“She was playing well and looked great against Iga last week. He is an accomplished coach and a great guy…the surprises keep coming!”

Raducanu achieved her best result of the year last week in Stuttgart, winning back-to-back matches as she reached the Stuttgart quarterfinal before losing to world No. 1 Iga Swiatek.

Roger Federer takes a break during a second round match in New York in 2019. Photo: Anne Parker International Sports Fotos Ltd

ROGER Federer’s comeback is on track as he confirmed this week he will play the ATP 500 Swiss Indoors in Basel in October.

Federer, 40, has not played since Wimbledon last year, and has struggled with knee surgery since the 2020 Australian Open.

He is also expected to play the Laver Cup at the O2 in London in September.

Rafa Nadal was guest of honour at Real Madrid’s home game against Espanyol on Saturday.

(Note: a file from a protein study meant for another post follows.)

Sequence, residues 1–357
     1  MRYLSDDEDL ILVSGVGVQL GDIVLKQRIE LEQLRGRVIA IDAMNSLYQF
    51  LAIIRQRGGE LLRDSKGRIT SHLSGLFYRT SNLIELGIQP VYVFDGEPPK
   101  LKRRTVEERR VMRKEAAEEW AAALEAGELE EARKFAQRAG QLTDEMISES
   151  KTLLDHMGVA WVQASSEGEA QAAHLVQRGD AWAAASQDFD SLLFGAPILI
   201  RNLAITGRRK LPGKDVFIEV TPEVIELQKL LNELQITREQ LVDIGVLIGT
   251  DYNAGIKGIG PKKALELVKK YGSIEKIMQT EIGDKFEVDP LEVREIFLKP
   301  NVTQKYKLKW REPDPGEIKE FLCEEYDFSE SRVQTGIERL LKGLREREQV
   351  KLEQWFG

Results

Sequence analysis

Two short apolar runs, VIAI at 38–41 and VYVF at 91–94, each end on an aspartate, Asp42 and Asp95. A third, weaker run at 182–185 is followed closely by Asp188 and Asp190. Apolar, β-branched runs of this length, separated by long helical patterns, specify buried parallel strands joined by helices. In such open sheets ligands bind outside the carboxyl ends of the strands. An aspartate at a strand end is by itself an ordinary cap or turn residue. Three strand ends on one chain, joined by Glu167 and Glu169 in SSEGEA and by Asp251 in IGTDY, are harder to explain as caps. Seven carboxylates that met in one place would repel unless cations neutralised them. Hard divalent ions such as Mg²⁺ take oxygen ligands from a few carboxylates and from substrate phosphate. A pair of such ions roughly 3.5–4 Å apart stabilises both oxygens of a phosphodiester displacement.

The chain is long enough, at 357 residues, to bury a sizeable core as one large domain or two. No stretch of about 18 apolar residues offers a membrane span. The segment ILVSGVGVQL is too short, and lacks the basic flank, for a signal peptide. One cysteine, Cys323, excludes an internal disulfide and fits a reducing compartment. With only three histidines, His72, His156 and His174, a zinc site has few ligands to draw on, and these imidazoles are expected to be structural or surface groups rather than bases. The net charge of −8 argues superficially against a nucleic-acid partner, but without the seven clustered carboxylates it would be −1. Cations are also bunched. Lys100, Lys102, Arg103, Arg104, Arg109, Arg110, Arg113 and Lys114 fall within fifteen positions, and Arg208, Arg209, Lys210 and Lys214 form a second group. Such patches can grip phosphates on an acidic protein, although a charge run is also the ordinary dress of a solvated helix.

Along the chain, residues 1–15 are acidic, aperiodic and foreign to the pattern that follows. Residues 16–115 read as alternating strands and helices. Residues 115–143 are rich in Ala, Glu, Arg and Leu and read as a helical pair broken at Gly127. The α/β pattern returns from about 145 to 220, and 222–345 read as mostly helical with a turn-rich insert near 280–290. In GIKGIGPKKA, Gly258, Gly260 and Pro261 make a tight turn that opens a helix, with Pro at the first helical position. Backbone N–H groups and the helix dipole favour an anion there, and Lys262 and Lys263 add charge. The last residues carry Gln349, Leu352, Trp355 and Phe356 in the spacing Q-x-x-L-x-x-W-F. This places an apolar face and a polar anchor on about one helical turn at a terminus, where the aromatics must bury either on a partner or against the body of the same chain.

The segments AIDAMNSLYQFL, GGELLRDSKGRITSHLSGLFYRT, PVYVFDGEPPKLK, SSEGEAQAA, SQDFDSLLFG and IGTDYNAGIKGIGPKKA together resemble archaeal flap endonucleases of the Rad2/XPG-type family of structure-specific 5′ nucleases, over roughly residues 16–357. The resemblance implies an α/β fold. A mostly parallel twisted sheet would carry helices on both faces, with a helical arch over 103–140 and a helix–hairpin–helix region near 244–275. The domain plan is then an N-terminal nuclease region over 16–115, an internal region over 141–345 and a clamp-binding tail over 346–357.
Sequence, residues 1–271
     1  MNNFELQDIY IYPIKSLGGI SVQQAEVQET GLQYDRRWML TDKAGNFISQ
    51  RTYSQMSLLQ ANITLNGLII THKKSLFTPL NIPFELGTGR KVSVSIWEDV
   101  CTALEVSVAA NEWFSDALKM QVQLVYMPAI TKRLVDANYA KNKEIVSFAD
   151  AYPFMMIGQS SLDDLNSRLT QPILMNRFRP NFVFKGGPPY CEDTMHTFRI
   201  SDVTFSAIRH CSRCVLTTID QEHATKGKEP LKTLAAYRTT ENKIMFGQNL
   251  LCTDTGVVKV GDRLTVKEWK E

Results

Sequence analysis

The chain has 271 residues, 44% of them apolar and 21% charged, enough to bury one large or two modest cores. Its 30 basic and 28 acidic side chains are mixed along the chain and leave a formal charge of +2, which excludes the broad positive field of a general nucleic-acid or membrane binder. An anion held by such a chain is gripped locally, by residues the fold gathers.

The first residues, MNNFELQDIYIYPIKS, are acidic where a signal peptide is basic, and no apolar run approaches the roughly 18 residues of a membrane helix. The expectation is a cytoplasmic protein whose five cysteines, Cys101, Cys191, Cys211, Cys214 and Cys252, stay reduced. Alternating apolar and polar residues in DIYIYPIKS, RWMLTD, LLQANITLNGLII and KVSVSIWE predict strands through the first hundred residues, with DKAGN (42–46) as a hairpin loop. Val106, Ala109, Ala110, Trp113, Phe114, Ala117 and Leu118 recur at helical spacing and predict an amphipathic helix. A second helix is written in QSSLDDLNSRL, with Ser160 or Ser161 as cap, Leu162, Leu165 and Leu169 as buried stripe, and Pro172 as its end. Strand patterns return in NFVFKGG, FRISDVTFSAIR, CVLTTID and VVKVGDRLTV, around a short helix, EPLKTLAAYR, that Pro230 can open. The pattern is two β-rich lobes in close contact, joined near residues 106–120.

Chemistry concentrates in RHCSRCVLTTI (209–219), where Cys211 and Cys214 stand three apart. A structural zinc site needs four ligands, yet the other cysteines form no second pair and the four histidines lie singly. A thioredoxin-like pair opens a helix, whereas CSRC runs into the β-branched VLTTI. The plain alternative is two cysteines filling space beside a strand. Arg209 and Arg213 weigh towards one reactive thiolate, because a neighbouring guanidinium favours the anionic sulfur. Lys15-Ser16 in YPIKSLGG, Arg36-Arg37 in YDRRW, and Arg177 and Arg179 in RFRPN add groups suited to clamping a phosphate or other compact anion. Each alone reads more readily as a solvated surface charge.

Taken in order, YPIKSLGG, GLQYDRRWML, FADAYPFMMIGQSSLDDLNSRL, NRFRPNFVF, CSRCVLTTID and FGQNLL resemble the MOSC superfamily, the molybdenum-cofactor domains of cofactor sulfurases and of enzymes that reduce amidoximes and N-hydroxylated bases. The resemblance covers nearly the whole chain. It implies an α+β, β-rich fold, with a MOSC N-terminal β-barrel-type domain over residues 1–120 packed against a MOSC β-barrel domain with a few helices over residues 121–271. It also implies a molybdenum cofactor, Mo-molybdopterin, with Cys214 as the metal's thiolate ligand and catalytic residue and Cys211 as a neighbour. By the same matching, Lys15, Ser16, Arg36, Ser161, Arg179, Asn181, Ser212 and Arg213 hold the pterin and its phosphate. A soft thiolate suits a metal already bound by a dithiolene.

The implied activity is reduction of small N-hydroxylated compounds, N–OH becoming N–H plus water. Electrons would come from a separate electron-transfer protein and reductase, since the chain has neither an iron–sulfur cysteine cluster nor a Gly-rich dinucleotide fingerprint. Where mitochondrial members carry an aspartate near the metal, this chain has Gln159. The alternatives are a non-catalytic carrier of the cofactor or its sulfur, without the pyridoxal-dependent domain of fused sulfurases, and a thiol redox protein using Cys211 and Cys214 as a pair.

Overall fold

RAFA Nadal is to open a tennis academy in Hong Kong – a fourth – following successful ventures in Mallorca, Greece and Mexico.
“We are very excited about this new international project in Hong Kong,” Nadal said.

“Since the opening of the academy in Mallorca five years ago, we have always found it very interesting to be able to expand our methodology to more countries in order to reach as many people as possible.

“I am convinced that it will be a success and that little by little we can continue to increase our international expansion.”

SPORTS media around the world, has questioned the decision of Wimbledon this week to allow an unvaccinated Novak Djokovic to play at this year’s event, while banning Russian and Belarusian players.

“They’re now stooping to a new low for the standard of Wimbledon entry, as rankings clearly aren’t the best determination anymore,” wrote Eric Blum on the Deadpan sports website.

“Some of the vaccinated players who’ve spoken out against Russia’s needless invasion of Ukraine can’t play because of their specific nationality? Djokovic enters the draw as the tournament favourite despite being boastful about not taking the vaccine? How on Earth does that make sense?”